In both France and Britain exhibitions and salons were the main way in which artists presented their work to the public, and paintings intended to be shown in this way were designed to impress. Large paintings, such as Wilkie’s Chelsea Pensioners Reading the Waterloo Despatch and Turner’s The Field of Waterloo were created for such exhibitions. It is interesting to note that in both these paintings as in Gros’s Napoleon on the Battlefield of Eylau it is not the glory of war that is described, rather its tragic consequences. Turner visited the battlefield in 1817 and his notebooks testify to his impressions of waste and suffering.

It was not only in the art world that the exchange of ideas was fruitful. Shakespeare had for many years been part of French culture, and now the works of Scott and Byron were being translated and proving very popular. The romantic tales of remote and misty Scotland caught the French imagination and the acting of Edmund Keane was much admired. Both French and English artists produced illustrations, paintings and prints inspired by these works. Alexandre-Marie Colin painted Byron’s Giaour Contemplating the Death of Hassan, Delacroix and Bonington both illustrated Quentin Durward, and there is in the exhibition an abundance of wonderful dark painting of mysterious monks in romantic ruined abbeys.

Sentimental historicism

The depiction of myths and legends began to give way to pictures portraying incidents in French and English history. There is a delightfully improbable Wilkie of The Future Empress Josephine Having her Fortune Told. Delaroche painted a vast, emotionally-loaded and historically inaccurate Execution of Lady Jane Grey which carries resonances of the executions of the French Revolution.

Lawrence’s portraits when exhibited in the French salons were admired for his very free and open technique. The well-known painting of Lord Lambton – a beautiful dark-eyed boy in a red velvet suit sitting on a rocky shore – was noted for its Byronic atmosphere and painterly technique. His double portrait of the two little daughters of Charles Calmady is a delight. However, when Delacroix painted his full-length portrait of Louis Auguste Schwiter in the same free style it was not accepted for the salon of 1827. Ingres’ portrait of Le Comte de Pastoret is a grand portrait in the classical French style – finished to the last detail – and affords an opportunity to compare the best examples of the very different styles of portrait painting.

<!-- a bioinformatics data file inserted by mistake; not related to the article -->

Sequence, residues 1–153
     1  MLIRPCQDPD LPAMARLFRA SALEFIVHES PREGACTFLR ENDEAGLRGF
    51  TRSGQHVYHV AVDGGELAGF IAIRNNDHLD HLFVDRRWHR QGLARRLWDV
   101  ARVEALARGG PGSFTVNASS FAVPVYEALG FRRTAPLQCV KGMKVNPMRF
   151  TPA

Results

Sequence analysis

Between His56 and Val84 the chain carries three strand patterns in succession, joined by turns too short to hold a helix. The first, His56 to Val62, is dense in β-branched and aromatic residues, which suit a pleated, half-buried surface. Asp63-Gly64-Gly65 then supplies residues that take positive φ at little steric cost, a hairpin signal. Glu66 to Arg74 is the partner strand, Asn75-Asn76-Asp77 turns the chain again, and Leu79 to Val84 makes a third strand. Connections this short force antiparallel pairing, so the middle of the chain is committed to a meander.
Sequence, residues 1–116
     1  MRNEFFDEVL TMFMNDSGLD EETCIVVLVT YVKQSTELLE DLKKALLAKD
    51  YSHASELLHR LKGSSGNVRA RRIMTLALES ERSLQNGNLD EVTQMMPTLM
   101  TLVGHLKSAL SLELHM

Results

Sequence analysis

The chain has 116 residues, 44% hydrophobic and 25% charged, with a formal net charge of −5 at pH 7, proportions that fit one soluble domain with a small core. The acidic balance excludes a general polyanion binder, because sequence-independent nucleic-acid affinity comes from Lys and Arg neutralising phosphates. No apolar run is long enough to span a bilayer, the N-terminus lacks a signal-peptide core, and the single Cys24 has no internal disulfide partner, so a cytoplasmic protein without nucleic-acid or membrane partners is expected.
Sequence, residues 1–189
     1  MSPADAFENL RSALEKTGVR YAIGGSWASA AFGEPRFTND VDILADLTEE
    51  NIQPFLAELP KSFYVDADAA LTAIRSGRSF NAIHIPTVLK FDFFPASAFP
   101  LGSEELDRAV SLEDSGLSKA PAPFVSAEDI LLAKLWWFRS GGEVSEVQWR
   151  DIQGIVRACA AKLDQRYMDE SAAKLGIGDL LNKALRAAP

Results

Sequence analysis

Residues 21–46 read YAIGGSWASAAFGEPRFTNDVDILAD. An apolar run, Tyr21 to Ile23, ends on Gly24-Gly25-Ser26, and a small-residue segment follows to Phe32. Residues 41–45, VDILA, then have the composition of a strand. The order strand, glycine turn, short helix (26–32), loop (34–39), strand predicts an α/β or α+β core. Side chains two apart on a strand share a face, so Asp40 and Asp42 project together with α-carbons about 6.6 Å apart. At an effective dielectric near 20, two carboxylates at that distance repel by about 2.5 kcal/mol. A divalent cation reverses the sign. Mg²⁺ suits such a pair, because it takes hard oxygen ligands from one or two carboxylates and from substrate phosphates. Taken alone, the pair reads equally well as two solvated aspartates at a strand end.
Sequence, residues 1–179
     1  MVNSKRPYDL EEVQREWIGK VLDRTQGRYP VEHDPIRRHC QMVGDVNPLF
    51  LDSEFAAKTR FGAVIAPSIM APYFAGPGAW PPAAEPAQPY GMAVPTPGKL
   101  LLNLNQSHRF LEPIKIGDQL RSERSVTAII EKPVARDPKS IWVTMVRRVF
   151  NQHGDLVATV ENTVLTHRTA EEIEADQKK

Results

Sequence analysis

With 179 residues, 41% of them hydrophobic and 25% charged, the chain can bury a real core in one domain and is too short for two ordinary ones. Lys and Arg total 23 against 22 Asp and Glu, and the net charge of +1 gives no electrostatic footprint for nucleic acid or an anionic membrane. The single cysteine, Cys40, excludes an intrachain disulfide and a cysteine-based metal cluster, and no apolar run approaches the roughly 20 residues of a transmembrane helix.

Landscape and watercolour

Watercolour was not part of the French tradition of painting, but French artists experimented with this medium with considerable success. Though the watercolours of Turner and Bonington are of unrivalled quality (Turner painted thousands) there are lovely paintings on display showing how watercolour painting, long an important part of British tradition, captured the imagination of French artists as well.

Landscape painting and animal and sporting paintings were an area in which both France and Britain had traditions and styles of their own. Corot, with his luminous lighting, the wonderful technique of Rousseau, the dramatic landscapes of Géricault, hang alongside the huge skies of Bonington, and the sun-filled pastoral landscapes of Constable. Vernet’s seascapes and Isabey’s harbours can be seen with Turner’s rivers and seashores. These and other paintings hang together and demonstrate the excitement and interest they generated both in the artists who painted them and the public in France and England who saw and bought them.

Anne Gardom is Art Correspondent for New Directions

Constable to Delacroix at Tate Britain is on till 11th May: £8.50, Concessions £6.

Bonington & his Contemporaries is at the Wallace Collection and ends 27th April. It is free.